Every Friday, I’ll send you a wonderful website (or more) that my classes and my parents love. I think you’ll find they’ll be a favorite of your students as they are of mine.
3rd and up
Avatars are always exciting for students. What’s not to like about the visual sharing of information? Avatars can represent a student’s safe face on the internet, an image of who they think they are (or want to be), the identifier for their blogs/wikis, the character they animate with Go Animate or so many other options.
Better yet is a talking avatar like Voki. This online communication tool requires no log-in or password for students, but you may choose to set up a class account to collect student projects. With Voki, students create a person, animal, fantasy character or any number of selections from the gallery, add audio via mic, text or call-in, a background from Voki’s selections or one uploaded by the student (say, one that corresponds to a story being read in class), and whatever bling makes this Voki unique to the student. Once the Voki avatar is completed, it can be added to blogs, wikis, websites via a static image or an embed to keep it’s interactive characteristics.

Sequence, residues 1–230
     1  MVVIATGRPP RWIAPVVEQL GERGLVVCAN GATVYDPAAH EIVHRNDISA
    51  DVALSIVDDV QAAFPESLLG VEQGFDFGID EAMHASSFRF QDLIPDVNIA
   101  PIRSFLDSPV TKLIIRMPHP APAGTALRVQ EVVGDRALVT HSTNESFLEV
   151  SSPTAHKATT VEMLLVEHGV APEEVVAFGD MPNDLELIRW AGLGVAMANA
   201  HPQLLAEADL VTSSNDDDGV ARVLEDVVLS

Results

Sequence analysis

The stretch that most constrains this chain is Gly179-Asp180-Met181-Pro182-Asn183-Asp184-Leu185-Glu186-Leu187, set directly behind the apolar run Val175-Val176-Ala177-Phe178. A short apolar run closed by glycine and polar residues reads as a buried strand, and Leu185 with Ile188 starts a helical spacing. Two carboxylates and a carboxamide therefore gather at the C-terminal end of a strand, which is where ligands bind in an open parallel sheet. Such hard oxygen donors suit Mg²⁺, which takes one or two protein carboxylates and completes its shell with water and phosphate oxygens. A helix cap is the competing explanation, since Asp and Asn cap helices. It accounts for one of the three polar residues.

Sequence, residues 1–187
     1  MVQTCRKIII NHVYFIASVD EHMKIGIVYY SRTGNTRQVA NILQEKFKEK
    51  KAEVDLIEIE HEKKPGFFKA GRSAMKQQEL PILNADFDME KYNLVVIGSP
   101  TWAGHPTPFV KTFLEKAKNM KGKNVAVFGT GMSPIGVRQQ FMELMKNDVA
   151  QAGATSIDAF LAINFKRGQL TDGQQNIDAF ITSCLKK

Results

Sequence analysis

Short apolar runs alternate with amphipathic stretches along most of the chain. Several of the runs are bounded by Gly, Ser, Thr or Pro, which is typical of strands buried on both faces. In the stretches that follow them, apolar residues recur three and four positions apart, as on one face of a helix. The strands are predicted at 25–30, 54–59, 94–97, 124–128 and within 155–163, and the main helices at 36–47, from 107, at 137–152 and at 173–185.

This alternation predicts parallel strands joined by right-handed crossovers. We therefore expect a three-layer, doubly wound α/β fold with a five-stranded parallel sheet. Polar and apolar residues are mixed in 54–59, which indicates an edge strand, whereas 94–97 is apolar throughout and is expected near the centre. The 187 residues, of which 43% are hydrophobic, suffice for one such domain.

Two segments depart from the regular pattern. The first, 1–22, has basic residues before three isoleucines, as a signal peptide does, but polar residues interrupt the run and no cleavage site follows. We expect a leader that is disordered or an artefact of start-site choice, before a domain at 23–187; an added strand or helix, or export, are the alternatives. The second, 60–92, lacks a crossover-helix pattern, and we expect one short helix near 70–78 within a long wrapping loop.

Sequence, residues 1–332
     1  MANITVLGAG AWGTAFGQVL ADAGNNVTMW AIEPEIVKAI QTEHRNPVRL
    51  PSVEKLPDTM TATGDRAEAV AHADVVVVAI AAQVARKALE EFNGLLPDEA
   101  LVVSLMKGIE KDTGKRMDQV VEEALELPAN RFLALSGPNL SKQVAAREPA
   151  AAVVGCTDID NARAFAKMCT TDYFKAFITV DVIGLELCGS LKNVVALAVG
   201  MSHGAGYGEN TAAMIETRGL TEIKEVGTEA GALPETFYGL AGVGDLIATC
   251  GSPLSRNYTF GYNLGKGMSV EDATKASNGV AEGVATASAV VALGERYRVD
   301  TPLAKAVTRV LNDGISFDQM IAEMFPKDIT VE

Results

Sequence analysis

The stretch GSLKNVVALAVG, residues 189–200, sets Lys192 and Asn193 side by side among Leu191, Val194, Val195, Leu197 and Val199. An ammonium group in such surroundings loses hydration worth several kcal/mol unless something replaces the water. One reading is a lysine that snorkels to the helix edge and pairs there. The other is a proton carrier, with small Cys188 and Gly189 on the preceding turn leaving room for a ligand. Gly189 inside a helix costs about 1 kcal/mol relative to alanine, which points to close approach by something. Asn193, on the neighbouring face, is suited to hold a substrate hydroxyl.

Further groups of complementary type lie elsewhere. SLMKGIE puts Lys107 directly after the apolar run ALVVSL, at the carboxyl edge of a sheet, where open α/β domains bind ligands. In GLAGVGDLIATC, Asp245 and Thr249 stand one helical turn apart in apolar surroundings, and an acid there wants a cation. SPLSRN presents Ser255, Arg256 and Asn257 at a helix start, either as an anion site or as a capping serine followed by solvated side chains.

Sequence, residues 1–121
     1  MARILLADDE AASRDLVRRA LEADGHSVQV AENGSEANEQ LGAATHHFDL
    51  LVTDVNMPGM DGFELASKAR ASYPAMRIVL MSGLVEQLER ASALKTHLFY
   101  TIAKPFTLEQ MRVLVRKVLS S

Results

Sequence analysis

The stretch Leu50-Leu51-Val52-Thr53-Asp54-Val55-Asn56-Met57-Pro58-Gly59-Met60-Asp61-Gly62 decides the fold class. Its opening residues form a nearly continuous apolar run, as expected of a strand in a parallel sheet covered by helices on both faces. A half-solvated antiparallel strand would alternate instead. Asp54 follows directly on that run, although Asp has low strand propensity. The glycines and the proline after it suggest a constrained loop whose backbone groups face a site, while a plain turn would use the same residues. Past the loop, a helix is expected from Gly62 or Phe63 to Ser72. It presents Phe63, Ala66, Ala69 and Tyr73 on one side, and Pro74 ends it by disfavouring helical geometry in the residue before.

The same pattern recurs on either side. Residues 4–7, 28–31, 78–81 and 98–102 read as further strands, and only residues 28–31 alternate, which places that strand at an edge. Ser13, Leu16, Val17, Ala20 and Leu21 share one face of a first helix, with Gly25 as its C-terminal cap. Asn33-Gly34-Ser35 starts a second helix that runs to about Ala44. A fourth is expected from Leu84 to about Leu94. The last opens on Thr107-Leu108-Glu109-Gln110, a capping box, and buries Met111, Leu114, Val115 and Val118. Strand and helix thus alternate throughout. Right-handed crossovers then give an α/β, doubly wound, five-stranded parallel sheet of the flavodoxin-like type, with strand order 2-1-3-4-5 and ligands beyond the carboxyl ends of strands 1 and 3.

The website also offers lesson plans to spark your imagination. Here are some I’ve used:
- have a Voki be a character in a book to discuss the story. Each student can create a Voki until all characters are covered. Then, add them to an online class page on that book.
- have a Voki introduce the student’s web page or blog.
- have the Voki reinforce a unit on online privacy
What are your favorite ways to use Vokis in your classroom?
Jacqui Murray has been teaching K-18 technology for 30 years. She is the editor/author of over a hundred tech ed resources including a K-12 technology curriculum, K-8 keyboard curriculum, K-8 Digital Citizenship curriculum. She is an adjunct professor in tech ed, Master Teacher, webmaster for four blogs, an Amazon Vine Voice, CSTA presentation reviewer, freelance journalist on tech ed topics, contributor to NEA Today, and author of the tech thrillers, To Hunt a Sub and Twenty-four Days. You can find her resources at Structured Learning.